At first the kernels of the berries are green and the outer covers are a paler green, and cover less than half the kernel. To me, they look more like miniature acorns at this stage.
As the berry ripens, the kernel swells. The covering layer begins to redden and to advance down the kernel.
Riper = yet redder cover with yet more complete coverage.
Varying degrees of ripeness in berries which are almost touching. Perhaps it was the time of day I was there, but there seemed to be a direct effect that the berries in the sunniest spots had come furthest along.
These pictures all taken within a few minutes, of berries on the same yew tree in West Park.
Hat tip: Jefny.
These two manage to survive although greatly outnumbered by the Canada geese on the West Park lake.
The leaves were just beginning to turn on this rowan and a few of the other trees in West Park towards the end of August.
This squirrel was eagerly taking the food which was being offered by a couple of young children.
This family of swans were on the river Anker in the Castle Pleasure Grounds, Tamworth.
I think it was the cob (male bird) leading with an aggressive posture, and the pen as tail-end charlie.
As the swans swam downstream, several passers-by got out their mobiles to take pictures.
I went to try to get a picture of the heron which seems to spend some nights on one or other of the islands in the West Park lake. The bird heard an early morning jogger, and flew away, so I took this view of the gentle light of dawn as a consolation prize.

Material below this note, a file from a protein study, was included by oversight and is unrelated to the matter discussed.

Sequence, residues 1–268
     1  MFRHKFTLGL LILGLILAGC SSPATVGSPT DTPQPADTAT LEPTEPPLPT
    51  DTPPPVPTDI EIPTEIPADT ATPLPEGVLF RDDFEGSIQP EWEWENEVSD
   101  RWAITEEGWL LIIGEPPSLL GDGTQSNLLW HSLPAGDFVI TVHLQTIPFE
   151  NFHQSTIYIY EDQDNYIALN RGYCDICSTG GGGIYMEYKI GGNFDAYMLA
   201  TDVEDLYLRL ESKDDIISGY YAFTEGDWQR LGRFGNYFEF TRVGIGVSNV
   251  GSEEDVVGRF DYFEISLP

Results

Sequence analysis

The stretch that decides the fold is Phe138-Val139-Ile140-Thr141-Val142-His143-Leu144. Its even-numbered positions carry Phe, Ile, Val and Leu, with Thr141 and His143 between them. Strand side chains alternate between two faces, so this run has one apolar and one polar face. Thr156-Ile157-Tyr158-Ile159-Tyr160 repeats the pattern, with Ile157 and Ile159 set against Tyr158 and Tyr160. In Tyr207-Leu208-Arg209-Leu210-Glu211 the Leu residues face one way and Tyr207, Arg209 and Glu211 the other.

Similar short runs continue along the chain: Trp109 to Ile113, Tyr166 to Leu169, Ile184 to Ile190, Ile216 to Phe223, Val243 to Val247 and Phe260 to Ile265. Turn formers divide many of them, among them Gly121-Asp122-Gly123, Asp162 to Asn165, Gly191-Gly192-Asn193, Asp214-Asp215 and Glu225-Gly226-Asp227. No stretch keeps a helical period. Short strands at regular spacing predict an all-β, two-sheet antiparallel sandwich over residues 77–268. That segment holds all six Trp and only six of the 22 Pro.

The seeds from this thistle were detaching from the plant, but still forming a tangled mass which was catching other detritus. The whole plant, which was on the bank of the river Anker in Tamworth, is pictured below.
A section of sandstone cliff opposite Quatford church, showing the layering this rock is prone to particularly clearly. A closer view also shows the rock is covered in graffiti – another result of its softness.
This spider’s web had been spun across the decaying vegetation which had fallen to the ground.
This pink blossom was in the pool in Hickman Park. The same flower features in both pictures.
The white flowers were on the pool which is near the footpath/cycle route connecting Fallings Park with the city centre.
This young heron was fishing by the Staffs & Worcs canal near the racecourse. When it saw me, it started to retreat by walking down the towpath instead of flying away.
This flower patch is by a path next to the river Severn in Bridgnorth, marking the site of the foundry where Richard Trevithick’s Locomotive Catch me who can was built.